Speaking Out While Fitting In


Foto: Ale­na Yanovich 


Pret­ty priv­i­lege. Straight-pass­ing priv­i­lege. Cis-pre­sent­ing priv­i­lege. While it may go by many names, the under­stand­ing is the same: peo­ple are more like­ly to lis­ten to what you have to say when you occu­py one (or more) of these groups. Although pret­ty priv­i­lege is sub­jec­tive, there is a gen­er­al under­stand­ing of society’s base­line for attrac­tive­ness. For straight- and cis-pre­sent­ing priv­i­lege, the require­ments vary. I iden­ti­fy as a non-bina­ry les­bian, but I’ve been open about sleep­ing with and dat­ing men in the past and this con­fus­es peo­ple. Espe­cial­ly those who don’t iden­ti­fy as Queer or non-cis. In some instances this works in my favor, how­ev­er in most cas­es it just real­ly piss­es me off.

Despite the fact that no one wants to admit it, we all have an inter­nal check­list that’s imme­di­ate­ly called up when inter­act­ing with some­one new. We check to see if this per­son is like us, if we can trust them, which top­ics to dis­cuss. What we might not be so will­ing to accept is that this check­list also auto­mat­i­cal­ly deter­mines whether we decide to accept what the oth­er per­son is telling us. For me, my check­list seems to inher­ent­ly dis­miss any­thing a cis, white, het­ero­sex­u­al man has to say. This is an inter­nal bias I have to con­scious­ly work through in order to deter­mine my own thoughts and feel­ings about the mat­ter that’s being discussed.

As some­one who loves fun make­up, the col­or pink, and wear­ing dress­es, I am the stereo­typ­i­cal exam­ple for an uncon­scious mind to reg­is­ter ‘FEMALE.’ While I don’t blame oth­ers for hold­ing these inter­nal bias­es, I won’t accept bla­tant igno­rance in a time where pro­nouns are avail­able in social media bios and Google is still free. Because I fit so many items on the check­list that we so wrong­ful­ly align with what it means to be a woman, I have no short­age of uncom­fort­able inter­ac­tions in which I am referred to as ‘girl,’ ‘queen,’ ‘girly,’ or the likes. Every time with­out fail when I respond to such a com­ment with, ‘I’m actu­al­ly non-bina­ry, please don’t call me girl,’ the igno­rant par­ty responds with imme­di­ate defense. ‘Sor­ry I just saw your out­fits and—’, ‘Omg I had no idea, I just assumed because—’, etc.

This is exact­ly the point in the con­ver­sa­tion where I have to make a choice. I have to make the choice of if I’d rather shoul­der an uncom­fort­able con­ver­sa­tion about my own iden­ti­ty for the poten­tial bet­ter­ment of fur­ther non-bina­ry/­gen­der non-con­form­ing indi­vid­u­als said igno­rant par­ty comes into con­tact with in the future, or I let it go at the expense of my men­tal health. Because I occu­py a space between what this per­son knows and how they think XYZ should look, I hold an inter­est­ing type of pow­er. They’re more like­ly to lis­ten to what I have to say because I look like them. Don’t get me wrong, I inter­nal­ize this all the time—in the form of, ‘Should I do XYZ to present more androg­y­nous­ly?’, ‘If I changed my pro­nouns to they/them would they be more like­ly to be respect­ed or am I set­ting myself up for (even more) failure?’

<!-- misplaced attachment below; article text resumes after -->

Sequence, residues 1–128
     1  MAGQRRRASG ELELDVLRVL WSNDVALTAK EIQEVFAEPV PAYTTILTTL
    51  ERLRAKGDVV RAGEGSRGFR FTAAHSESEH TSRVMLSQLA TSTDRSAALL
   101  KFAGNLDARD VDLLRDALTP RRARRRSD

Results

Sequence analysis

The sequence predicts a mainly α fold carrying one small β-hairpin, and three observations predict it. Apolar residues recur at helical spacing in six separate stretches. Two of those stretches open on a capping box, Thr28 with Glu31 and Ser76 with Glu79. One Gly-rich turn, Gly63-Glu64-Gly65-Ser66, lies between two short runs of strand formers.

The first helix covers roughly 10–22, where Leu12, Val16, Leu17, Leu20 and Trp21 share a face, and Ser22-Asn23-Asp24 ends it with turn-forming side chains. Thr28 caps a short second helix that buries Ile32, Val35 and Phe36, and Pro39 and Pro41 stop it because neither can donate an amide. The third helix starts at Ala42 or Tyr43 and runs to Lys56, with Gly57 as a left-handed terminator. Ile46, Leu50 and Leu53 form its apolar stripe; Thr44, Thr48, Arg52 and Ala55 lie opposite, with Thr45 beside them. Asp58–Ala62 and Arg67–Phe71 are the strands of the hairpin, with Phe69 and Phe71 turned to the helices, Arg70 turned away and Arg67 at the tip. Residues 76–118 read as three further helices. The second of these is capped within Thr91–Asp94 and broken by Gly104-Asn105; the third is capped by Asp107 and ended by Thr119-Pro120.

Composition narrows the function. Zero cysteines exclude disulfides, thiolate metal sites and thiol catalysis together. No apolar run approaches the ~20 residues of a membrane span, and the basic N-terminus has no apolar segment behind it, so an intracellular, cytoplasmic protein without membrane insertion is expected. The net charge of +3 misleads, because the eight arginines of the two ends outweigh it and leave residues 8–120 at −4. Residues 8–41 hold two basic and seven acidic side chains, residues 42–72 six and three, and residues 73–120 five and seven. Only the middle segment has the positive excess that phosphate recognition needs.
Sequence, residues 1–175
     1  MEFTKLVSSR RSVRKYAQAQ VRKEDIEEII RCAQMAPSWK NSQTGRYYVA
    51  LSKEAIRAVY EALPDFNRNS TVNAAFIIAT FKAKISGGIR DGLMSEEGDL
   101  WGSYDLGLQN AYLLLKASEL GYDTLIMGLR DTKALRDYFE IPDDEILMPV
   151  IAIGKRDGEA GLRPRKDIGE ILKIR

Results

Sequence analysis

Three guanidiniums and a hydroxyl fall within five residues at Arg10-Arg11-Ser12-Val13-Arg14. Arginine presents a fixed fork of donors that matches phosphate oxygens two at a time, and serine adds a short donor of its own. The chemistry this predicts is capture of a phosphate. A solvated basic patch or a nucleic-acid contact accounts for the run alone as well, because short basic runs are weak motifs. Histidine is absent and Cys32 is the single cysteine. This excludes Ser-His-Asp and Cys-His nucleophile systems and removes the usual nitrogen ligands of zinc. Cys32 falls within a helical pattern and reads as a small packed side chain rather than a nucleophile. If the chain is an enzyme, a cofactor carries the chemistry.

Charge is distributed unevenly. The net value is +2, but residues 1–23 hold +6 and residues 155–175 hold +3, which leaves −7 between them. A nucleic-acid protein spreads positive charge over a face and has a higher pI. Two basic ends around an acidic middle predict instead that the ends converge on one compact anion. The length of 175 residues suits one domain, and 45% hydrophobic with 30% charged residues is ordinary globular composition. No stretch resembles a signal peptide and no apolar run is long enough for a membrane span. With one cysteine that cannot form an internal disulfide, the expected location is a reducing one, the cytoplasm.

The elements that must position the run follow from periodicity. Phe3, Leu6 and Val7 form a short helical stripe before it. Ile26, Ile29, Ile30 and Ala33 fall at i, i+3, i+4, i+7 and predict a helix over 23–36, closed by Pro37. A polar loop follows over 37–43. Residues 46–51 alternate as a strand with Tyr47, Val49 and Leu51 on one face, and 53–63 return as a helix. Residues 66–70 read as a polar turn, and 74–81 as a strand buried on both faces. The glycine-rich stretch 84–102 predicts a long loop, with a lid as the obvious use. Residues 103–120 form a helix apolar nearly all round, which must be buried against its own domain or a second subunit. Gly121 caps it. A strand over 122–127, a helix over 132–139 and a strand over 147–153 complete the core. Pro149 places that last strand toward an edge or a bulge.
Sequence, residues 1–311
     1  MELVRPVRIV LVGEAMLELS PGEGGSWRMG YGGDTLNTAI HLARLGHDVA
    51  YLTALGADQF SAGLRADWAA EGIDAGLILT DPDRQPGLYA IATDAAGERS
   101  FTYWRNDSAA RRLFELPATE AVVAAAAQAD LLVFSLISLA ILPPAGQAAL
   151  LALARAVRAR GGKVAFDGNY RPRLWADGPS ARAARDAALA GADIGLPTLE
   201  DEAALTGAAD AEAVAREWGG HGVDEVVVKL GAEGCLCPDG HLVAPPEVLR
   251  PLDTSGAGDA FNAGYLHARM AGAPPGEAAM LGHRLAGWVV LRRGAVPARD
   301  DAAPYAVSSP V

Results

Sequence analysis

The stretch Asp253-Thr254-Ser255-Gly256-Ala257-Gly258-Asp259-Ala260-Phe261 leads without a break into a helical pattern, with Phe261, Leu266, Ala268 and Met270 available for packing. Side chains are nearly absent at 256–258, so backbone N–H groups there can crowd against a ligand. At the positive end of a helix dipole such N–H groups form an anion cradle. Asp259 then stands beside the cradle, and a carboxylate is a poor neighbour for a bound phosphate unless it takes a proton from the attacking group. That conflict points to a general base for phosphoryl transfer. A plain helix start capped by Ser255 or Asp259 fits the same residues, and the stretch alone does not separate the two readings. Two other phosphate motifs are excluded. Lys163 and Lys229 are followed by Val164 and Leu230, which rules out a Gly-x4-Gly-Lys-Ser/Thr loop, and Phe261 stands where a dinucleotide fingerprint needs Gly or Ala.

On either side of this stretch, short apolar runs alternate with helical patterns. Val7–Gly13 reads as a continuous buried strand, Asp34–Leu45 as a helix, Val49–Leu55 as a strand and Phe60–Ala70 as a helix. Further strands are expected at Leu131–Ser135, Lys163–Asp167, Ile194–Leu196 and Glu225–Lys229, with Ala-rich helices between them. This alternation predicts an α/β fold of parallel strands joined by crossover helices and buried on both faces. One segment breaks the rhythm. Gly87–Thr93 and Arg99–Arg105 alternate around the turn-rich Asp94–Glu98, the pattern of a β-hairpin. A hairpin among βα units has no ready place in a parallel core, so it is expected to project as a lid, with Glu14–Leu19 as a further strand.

How­ev­er, occu­py­ing this space doesn’t always grant me a free pass from a headache. Some­times it opens me up to even more ridicule, absurd ques­tions, or—in extreme cases—violence. Because I blend in with what these peo­ple know, they feel enti­tled to use me as their per­son­al guide on a trip through Pro­noun Town. They think I can pro­vide them with a crash course that they then can dan­gle in front of oth­er igno­rant friends, claim­ing ‘wok­e­ness’ and reflect­ing on how dif­fi­cult it is to get pro­nouns cor­rect. What’s most frus­trat­ing is that now I have some­how become a spokesper­son on behalf of all peo­ple who iden­ti­fy the same way that I do. No, I don’t know what it ‘feels like’ to be non-bina­ry, because that means some­thing dif­fer­ent to each non-bina­ry indi­vid­ual. While I’d love to be a famous les­bian, my jour­ney out of the clos­et is not the same as that of every sin­gle oth­er lesbian’s.

Despite know­ing that I owe no one an edu­ca­tion that they could get on their own, I feel a sort of respon­si­bil­i­ty in tak­ing on the bur­den so that it doesn’t get passed on down the line. Who knows what fur­ther igno­rant com­ments lie in wait­ing? What if the next per­son doesn’t have the men­tal capac­i­ty to han­dle such a con­ver­sa­tion? So long as I check these box­es, I’ll con­tin­ue to shoul­der the edu­ca­tion for those who are seem­ing­ly unable to google.


More by Claire:
Express­ing Pla­ton­ic Love as a (Clos­et­ed) Queer Per­son
Future Nos­tal­gia